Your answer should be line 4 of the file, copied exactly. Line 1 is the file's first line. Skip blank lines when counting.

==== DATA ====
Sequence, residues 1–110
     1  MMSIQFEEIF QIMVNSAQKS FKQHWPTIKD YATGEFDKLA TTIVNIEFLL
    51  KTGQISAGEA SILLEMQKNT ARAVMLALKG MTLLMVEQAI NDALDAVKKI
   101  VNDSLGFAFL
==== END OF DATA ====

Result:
   101  VNDSLGFAFL